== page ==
Fostering skills-recognition and labour market access of non-EU migrants and refugees in the Netherlands:
The clash between neoliberal and humanitarian policy agendas
University of Radboud, Netherlands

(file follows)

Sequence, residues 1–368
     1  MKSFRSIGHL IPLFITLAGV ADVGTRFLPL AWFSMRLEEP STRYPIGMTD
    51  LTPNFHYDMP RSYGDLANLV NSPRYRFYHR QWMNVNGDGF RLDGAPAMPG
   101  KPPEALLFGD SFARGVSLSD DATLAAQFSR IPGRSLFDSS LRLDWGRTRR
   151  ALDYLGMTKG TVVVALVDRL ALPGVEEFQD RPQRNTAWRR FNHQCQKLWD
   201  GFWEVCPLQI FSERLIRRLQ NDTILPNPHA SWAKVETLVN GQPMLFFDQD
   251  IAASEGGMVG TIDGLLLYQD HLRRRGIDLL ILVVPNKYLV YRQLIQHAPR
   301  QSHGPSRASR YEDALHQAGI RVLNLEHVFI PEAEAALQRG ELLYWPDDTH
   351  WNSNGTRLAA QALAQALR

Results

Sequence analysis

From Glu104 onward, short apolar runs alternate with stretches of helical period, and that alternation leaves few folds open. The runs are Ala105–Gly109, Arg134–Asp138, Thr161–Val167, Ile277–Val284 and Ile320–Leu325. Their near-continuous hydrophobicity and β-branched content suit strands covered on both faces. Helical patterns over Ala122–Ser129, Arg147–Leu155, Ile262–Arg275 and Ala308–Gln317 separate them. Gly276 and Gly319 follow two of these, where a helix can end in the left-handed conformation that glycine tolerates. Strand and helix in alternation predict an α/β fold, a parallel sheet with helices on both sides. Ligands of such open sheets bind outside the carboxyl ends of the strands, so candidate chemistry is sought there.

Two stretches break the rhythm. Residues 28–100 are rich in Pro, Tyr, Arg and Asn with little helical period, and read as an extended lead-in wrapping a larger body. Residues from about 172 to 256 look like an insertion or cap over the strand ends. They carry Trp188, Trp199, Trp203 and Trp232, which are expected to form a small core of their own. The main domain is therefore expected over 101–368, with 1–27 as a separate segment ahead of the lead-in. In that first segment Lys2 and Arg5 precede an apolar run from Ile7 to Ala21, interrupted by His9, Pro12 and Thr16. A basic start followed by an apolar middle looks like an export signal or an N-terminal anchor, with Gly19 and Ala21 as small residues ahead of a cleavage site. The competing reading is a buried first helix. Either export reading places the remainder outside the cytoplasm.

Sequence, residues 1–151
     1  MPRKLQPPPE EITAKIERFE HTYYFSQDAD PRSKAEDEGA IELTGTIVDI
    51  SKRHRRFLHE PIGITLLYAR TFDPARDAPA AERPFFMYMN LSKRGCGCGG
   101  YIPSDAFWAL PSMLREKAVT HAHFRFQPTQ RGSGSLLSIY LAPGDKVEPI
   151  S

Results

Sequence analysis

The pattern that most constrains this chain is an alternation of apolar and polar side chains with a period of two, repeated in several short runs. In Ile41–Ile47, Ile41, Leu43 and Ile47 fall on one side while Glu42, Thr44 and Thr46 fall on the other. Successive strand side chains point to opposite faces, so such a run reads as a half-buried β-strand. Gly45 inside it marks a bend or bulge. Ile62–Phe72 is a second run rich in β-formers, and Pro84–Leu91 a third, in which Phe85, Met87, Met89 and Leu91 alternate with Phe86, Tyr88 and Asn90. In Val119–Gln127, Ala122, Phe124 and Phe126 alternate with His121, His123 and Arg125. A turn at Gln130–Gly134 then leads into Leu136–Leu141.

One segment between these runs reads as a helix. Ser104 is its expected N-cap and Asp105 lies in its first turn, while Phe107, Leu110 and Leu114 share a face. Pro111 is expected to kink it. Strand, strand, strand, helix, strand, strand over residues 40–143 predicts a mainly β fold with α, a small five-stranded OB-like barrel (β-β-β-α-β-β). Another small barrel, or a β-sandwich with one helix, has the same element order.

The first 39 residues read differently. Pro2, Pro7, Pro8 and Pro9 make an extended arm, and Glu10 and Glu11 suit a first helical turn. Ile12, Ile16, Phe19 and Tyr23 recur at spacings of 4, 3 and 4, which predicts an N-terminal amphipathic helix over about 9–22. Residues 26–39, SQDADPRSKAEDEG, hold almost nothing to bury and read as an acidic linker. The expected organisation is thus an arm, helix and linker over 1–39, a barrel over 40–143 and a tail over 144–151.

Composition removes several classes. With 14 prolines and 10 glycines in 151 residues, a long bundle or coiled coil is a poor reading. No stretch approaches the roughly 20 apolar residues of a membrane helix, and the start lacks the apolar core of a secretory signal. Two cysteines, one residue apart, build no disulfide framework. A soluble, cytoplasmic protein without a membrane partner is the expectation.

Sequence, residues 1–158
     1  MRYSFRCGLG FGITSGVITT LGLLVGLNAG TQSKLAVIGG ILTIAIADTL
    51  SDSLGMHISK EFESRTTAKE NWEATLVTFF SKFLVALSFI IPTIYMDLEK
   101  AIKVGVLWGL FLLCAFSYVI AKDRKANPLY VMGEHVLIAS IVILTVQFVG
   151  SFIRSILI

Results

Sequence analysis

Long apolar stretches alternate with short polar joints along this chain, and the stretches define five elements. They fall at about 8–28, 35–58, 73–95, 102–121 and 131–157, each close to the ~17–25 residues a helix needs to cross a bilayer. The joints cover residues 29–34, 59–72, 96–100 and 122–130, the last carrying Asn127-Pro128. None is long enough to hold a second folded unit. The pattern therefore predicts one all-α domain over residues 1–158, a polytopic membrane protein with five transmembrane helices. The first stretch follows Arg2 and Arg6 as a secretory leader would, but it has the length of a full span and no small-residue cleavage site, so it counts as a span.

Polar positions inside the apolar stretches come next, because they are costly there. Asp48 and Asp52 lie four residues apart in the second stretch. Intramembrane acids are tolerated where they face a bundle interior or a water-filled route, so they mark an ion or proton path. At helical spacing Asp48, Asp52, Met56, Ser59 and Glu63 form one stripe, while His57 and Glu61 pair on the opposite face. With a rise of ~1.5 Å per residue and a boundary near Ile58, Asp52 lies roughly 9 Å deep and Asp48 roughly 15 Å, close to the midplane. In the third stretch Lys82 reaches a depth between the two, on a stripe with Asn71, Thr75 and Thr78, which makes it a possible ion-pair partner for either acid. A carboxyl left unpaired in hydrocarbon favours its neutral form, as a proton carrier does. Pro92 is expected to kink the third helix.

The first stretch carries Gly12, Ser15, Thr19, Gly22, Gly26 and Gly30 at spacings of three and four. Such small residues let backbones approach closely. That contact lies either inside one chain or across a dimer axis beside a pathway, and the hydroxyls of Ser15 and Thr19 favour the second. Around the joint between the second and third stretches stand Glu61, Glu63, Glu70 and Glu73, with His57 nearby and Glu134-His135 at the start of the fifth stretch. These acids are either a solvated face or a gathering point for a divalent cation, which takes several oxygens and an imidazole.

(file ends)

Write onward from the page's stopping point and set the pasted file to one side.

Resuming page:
The presentation will be based on work in the EU DIVERSE project and the EU Skills2Work project (see attached policy briefs) For European countries to keep their competitive edge as internationally-oriented knowledge economies, it is essential that individual skills and competences of all workers are fully used in the labour market. In the progression of globalisation, this involves an ever larger number of Third Countries Nationals (TCNs) – people not holding citizenship of an EU country, including many refugees. Despite the important contributions of migrants to the European economies, this group is often perceived as having subordinate professional skills and competences compared to natives, which results in their talents not being fully used. Particularly TCNs experience barriers in accessing the labour market and in their further professional development. In this seminar, the project findings for the Netherlands of the EU funded DIVERSE and Skills2Work projects are presented. This entails an examination of the institutional arrangements, practices and outcomes related to the recognition of skills, knowledge and competencies (SKC) of non-EU foreign nationals (TCNs) in the Netherlands with specific reference to the Dutch healthcare sector. Although the national infrastructure for foreign recognition of educational and professional qualifications is well-developed by international standards, the system has a number of flaws as interviews with TCNs and experts in the field reveal. TCNs often discover that their qualifications are not considered equivalent to the relevant Dutch qualifications. Given the limitations of formally recognizing the educational qualifications or work experience of TCNs, Dutch policies have supported other measures, including the accreditation and recognition of prior learning (RPL). However, these too have proved challenging to implement. Some of the policy and theoretical implications flowing from this will be discussed.